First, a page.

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2020 Netflix Halloween Countdown: “#Alive”

There are many movies that are worth seeing, but there are a lot of stinkers as well. My goal here is to weed out the good from the bad.

2020 Netflix Halloween Countdown

As crazy as it is to believe, it is already October 2020—it has been a bizarre year, for sure. For the past three years, I have been spending October watching and reviewing some of the spooky, scary, gory, chilling, and horror-themed movies on Netflix. With each review, I will include a table that ranks these movies from best to worst. This year will be my fourth year doing this, and I plan on publishing a new review each day. Some will be from movies that I have reviewed before, but there will be some new movies on here is well. So if you are looking to get in the Halloween spirit by watching some Halloween-style movies, then these articles are for you!

#Alive

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Synopsis

Oh Joon-woo (Ah-In Yoo) has woken up to discover that he is home alone. His parents and sister are away, so he has the apartment to himself, but his mother has left a note suggesting that he should go to the grocery store, as they have very little food in the apartment. Oh Joon-woo, however, gets a late start to his day, and is in no particular rush to go to the store. He instead chooses to play video games for awhile, but he soon discovers that something is horribly wrong.

Hearing the panic coming from the hallway, and hearing the greater panic coming from the streets below, Oh Joon-woo opens his window and turns on the news to see what is going on. Some sort of virus has found its way to the city. It makes those who have become infected go crazy. They become violent, they become hostile, and they become cannibalistic—transmitting the virus through bites or scratches. Oh Joon-woo is home alone so he hopes he can lie low and avoid the attention of the infected, but his limited food supply will eventually leave him with no choice but to venture outside his apartment.

Official Trailer

The Pros & Cons

All movies start with an average score of 75pts, points are then added or subtracted based on each Pro and Con. Each Pro or Con is designated points, ranging from 0-10, to convey how significant these Pros or Cons are.

The ProsThe Cons

The Premise (+4pts)

Zombies & Dumbness (-3pts)

The Chapters (+4pts)

Lulls (-4pts)

The Suspense (+4pts)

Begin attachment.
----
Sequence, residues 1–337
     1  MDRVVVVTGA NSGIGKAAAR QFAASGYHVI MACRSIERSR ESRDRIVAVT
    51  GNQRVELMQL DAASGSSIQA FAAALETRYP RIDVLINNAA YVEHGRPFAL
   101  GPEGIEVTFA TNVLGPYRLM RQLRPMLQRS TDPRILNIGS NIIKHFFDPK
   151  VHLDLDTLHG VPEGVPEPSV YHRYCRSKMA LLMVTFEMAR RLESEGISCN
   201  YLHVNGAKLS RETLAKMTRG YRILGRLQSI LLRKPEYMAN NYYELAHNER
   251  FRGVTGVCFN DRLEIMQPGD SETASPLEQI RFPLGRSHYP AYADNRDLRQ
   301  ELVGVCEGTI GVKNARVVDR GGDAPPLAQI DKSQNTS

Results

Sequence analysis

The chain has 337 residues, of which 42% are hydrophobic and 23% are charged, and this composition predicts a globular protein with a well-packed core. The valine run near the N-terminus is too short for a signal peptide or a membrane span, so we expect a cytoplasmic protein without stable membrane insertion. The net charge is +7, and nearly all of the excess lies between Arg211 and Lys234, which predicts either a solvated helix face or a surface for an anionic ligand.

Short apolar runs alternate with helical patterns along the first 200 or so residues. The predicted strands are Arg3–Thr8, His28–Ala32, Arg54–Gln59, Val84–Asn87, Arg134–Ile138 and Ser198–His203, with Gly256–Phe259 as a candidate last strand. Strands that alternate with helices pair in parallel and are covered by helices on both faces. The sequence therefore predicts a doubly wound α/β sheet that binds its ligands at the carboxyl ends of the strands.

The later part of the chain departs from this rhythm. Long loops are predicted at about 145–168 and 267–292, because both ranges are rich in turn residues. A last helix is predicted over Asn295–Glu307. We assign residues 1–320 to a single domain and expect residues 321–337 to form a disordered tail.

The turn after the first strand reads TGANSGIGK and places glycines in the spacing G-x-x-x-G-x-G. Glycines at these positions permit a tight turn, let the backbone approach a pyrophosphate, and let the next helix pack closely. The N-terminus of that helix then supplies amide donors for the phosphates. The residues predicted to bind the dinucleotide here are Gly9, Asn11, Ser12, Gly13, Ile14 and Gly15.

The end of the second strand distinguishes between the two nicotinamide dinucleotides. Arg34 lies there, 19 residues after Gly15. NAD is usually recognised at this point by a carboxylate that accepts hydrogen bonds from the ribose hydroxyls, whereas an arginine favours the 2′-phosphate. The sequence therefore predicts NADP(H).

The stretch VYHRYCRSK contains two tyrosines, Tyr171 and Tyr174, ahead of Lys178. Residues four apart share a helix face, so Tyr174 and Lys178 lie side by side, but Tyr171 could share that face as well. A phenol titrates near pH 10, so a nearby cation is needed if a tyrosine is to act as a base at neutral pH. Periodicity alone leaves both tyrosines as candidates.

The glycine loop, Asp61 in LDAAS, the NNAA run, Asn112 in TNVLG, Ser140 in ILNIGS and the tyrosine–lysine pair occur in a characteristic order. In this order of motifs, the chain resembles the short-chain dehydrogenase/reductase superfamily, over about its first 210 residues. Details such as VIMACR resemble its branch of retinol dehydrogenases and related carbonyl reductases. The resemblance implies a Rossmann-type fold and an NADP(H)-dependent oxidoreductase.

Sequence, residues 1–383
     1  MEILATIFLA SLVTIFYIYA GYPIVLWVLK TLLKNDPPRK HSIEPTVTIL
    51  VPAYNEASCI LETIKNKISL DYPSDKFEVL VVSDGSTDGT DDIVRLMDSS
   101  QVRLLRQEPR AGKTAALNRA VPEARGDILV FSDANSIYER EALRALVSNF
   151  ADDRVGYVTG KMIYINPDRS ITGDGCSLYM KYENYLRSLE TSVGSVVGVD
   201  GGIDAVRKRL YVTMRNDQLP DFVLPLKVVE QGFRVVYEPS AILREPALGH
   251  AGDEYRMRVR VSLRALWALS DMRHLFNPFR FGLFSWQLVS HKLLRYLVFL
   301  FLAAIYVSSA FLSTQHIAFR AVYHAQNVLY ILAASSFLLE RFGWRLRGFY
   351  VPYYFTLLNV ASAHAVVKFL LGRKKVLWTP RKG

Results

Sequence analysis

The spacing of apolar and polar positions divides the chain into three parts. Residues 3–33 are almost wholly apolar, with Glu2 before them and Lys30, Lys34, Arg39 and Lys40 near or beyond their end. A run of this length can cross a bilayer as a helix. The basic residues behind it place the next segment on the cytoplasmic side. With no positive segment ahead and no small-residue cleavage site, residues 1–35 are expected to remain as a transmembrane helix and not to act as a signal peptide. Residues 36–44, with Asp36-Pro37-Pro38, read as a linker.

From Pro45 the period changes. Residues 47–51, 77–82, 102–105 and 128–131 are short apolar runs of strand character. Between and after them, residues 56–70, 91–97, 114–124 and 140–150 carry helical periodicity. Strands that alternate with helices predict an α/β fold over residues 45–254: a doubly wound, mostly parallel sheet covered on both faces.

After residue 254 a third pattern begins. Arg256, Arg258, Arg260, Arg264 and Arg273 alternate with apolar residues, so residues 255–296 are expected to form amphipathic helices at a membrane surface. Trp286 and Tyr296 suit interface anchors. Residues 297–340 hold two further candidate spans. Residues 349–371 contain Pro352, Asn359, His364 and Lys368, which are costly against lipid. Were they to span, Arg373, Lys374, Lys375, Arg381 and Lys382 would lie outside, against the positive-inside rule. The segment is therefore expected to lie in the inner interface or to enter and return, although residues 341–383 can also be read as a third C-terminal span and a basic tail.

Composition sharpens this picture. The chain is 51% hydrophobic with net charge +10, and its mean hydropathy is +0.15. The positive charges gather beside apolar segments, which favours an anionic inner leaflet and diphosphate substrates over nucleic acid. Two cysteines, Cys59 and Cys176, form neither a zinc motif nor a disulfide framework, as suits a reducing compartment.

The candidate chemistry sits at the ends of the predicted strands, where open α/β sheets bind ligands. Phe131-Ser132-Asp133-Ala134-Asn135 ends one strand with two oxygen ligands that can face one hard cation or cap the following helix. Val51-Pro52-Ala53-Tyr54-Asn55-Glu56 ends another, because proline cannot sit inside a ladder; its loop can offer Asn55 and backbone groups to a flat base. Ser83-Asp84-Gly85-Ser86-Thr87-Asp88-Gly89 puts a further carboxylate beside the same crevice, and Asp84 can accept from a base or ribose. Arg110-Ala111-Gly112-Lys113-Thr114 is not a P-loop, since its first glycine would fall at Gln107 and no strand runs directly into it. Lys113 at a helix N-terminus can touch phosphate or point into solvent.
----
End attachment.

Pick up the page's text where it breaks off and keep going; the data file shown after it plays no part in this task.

Convenient (-4pts)

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Pro: The Premise (+4pts)

We have seen many zombie movies before. In some, the zombies move slow. In others, the zombies move fast. However, for the most part, the overall story in these zombie movies are the same. There is a virus that catches the world off-guard, and a protagonist or small group of protagonists have to do whatever they can to survive, usually with one member of the group having been bitten or scratched and not telling the rest of the group. We have all seen that movie before, so new zombie movies have to do something different. This movie was not entirely original, it still had the expected progression of a zombie outbreak story, but the interesting twist was making the protagonist a young guy who was home alone to himself.

This made it feel like a stranded-at-sea story, in a way. This character was in his own apartment, sure, but any hope for help was far, far away, and he had limited supplies. We then got to see all of his resources (cellular data, internet, power, water, etc.) being taken away from him one-by-one, which made his situation progressively worse as time went on, in addition to the dwindling food supply. We also had to see him piecing everything together alone in his apartment. It was your typical zombie story, but the little twist of having the protagonist home alone made the beginning of this movie—which would usually be a cookie-cutter setup to a zombie story—more unique and more compelling than it would have been if the protagonist was with a group or was out and about somewhere in the city.

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Con: Zombies & Dumbness (-3pts)